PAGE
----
As a young 4 year old girl, i was sexually abused and at 14 raped. By 15 i tried to commit suicide and ended up in the hospital on psychiatry. I was in therapy and on medications for years. I saw social workers, counselors, psychologists and psychiatrists. They meant well, some were very nice and wanted to help me heal. Unfortunately, replaying traumatic experiences did not help and it can actually make things worse… Here’s why.
‘Help’ can sometimes harm
Many therapists are trained in a treatment approach that was based on the maxim that in order to help heal trauma you have to relive it, and re-experience all the original feelings again as they happened.
Some Therapists also believe that many traumas are hidden, blocked out by the conscious mind, and need to be ‘uncovered’ and then re-lived through the imagination, so that the client can ‘get in touch with’ all the raw pain and emotions of that original time in order to ‘let it go’. This therapeutic myth has been around for over one hundred years.
I’ve realized that we can help people access the traumatic memory and release it easily using time line therapy (R), where the client never actually goes into the trauma, nor do they relive it, because therapy should never be painful.
And, of course, if ‘reliving trauma’ did work, people with PTSD would recover after their first flashback.
So, here are the three main reasons to never get a client to directly relive their traumatic experiences:
Reason One: You can reactivate the pattern and embed it deeper
As Dr Noreen Tehrani, an occupational health and counselling psychologist specializing in post traumatic stress, explains:
“If a trauma victim is debriefed in a state of high emotion, the process can increase the arousal to the point of overload, trapping the sensory impressions in the amygdala.”
This is why ‘critical incident debriefing’ after traumatic events is falling out of favor. Getting people to talk about trauma while they are traumatized may not only not help, but could actually make things worse.
Getting people to ‘relive’ their trauma is not therapy. But it can be torture.
Reason Two: Someone who desperately needs help may be put off ever seeking it
If you don’t know how to de-traumatize someone comfortably, using hypnosis or time line therapy (R) then at least avoid hurting them and/or putting them off seeking any help in future.
Reason Three: It’s a waste of valuable time
If you’re going the wrong way, it doesn’t matter how fast you’re travelling. You are still wasting time.
People who are suffering flashbacks, experiencing horrendous daytime and night terrors, living the kind of life no one should have to live, leading to depression, perhaps substance abuse, fractured relationships, ruined work lives and all the rest of it, need help right now.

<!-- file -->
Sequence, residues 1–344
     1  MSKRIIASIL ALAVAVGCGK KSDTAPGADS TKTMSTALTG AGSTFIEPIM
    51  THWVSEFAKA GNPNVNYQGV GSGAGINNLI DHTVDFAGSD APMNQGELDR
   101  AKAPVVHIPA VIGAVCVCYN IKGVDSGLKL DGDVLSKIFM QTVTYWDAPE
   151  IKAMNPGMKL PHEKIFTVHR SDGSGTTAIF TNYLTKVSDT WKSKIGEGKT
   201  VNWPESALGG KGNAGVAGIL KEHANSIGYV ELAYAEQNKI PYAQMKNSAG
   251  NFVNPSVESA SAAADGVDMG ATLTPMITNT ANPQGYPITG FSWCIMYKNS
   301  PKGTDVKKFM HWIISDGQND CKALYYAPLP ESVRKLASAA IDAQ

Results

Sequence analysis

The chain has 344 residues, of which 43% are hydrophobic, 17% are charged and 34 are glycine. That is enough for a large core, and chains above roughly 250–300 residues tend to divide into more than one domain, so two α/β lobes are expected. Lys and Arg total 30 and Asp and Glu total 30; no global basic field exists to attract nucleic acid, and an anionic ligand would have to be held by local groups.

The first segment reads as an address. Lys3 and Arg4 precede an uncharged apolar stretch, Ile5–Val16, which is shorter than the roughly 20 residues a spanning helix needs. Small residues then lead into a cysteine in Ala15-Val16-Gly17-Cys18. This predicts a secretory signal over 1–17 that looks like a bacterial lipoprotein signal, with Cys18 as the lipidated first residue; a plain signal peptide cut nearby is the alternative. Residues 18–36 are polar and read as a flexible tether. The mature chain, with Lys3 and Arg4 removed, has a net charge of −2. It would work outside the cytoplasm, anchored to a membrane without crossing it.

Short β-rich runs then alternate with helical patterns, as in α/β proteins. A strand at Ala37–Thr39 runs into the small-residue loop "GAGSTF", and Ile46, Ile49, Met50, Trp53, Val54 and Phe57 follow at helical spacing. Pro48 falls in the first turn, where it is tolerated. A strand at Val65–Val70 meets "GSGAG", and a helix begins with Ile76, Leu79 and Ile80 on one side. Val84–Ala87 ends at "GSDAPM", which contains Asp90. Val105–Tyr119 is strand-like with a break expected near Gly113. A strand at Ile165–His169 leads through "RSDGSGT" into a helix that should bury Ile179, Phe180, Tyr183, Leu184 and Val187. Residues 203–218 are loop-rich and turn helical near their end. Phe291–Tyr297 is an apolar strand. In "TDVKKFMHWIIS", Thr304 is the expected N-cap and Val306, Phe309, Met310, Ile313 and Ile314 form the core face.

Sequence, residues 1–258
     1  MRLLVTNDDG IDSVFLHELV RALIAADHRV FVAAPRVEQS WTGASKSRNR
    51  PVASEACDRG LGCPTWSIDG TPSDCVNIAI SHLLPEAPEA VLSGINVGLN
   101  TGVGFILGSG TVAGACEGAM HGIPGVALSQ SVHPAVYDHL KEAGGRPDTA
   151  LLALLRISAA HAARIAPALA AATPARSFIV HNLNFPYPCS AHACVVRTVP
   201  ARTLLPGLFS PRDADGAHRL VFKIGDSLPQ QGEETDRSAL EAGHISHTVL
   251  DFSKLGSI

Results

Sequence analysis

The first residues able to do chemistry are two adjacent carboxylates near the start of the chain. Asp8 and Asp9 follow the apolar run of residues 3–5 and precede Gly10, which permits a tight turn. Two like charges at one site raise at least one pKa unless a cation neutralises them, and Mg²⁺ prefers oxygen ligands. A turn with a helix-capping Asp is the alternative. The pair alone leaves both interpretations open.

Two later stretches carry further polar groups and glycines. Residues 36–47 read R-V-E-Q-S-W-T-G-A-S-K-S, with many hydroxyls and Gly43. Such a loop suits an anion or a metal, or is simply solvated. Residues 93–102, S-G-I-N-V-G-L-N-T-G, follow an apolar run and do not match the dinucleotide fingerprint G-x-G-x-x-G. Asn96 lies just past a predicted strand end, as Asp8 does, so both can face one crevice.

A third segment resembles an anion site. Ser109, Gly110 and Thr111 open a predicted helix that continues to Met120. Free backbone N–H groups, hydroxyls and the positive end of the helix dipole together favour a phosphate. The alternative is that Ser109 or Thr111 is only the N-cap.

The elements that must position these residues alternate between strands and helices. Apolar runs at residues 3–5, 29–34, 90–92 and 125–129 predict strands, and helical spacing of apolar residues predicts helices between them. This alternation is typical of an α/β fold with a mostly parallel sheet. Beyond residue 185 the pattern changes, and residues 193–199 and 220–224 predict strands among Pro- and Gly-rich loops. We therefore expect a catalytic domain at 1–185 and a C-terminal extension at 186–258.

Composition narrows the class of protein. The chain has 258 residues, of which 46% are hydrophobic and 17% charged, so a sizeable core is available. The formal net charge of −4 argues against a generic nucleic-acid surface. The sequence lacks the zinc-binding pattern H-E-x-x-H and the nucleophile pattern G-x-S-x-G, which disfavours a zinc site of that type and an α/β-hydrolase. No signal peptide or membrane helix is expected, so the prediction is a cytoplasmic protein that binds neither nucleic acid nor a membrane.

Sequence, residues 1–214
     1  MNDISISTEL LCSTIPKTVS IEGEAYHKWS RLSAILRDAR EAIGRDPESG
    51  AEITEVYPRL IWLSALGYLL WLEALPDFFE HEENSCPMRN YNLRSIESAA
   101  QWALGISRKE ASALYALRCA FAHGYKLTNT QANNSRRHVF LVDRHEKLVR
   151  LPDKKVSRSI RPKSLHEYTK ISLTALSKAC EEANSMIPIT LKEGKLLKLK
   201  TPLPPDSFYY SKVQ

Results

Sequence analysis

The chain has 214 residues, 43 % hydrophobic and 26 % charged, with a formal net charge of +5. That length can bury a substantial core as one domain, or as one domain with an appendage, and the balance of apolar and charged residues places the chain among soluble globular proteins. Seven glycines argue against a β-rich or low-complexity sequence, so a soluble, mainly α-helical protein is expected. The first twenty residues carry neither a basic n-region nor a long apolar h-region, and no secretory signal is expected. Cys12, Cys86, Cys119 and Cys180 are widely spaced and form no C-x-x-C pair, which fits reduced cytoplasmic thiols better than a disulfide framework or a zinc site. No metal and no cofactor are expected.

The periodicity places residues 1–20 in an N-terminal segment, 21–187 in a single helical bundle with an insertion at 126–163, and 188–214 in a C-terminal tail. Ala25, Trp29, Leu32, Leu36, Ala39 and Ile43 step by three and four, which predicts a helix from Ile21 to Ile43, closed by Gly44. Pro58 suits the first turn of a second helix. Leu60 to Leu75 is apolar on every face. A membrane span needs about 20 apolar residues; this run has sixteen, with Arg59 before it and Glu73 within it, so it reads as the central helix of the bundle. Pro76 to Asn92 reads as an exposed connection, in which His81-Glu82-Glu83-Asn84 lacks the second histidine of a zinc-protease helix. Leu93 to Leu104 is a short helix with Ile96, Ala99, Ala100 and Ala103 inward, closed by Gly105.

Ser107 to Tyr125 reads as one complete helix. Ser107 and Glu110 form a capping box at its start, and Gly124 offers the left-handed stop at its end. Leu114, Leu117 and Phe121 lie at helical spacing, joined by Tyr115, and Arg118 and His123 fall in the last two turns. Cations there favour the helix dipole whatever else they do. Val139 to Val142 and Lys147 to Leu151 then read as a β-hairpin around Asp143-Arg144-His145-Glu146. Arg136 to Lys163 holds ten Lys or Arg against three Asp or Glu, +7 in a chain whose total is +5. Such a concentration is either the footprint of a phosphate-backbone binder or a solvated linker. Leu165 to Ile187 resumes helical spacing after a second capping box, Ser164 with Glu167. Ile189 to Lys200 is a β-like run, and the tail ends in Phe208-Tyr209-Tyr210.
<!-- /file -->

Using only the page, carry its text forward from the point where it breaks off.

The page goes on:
If you are a therapist, please – remove their traumatic suffering as fast as you can, and preferably in the first session.
Rocking the boat?
Some therapists have told me that therapeutic practise should be ‘a matter of choice’ for the therapist. As if methods of alleviating human suffering are a question of ‘taste’, like what movies appeal to us, or what we feel to be good art.
Would you say that hygienic practice in maternity wards should be a ‘matter of choice’? The early promoters of hand washing were sneered at for suggesting it was better practice to have a clean environment rather than a dirty one – as if criticizing filth in operating theaters was somehow ‘unfair’ on the beliefs of doctors who saw no reason to wash their hands between patients.
Article Adapted from Mark Tyrrell – Hypnotherapist – Psychology is my passion. I’ve been a psychotherapist trainer since 1998, specializing in brief, solution focused approaches.
Lynn is a Mental Fitness Expert & Thriver! A woman who has gone from being a victim of childhood sexual abuse to learning how to help others and thrive in life. She completed her Master’s in Hypnosis, Time Line Therapy ® and NLP Techniques which work with our unconscious mind, where all learning, behaviors and habits are stored.
Lynn is a Certified Personal Trainer & Registered Holistic Nutritionist with 20 years of experience in the health and fitness industry. She was formerly 60 pounds’ overweight after having her son and since then, has passionately dedicated her career toward helping others transform themselves both physically and mentally. Lynn not only lost the baby weight, she has competed in women’s physique bodybuilding and is also known as the “Mental Fitness Expert”, using the power of the mind that help to get fast results.
Lynn continues to help others in all areas of health and works with women & men specifically on weight loss, trauma healing, depression, stress and anxiety.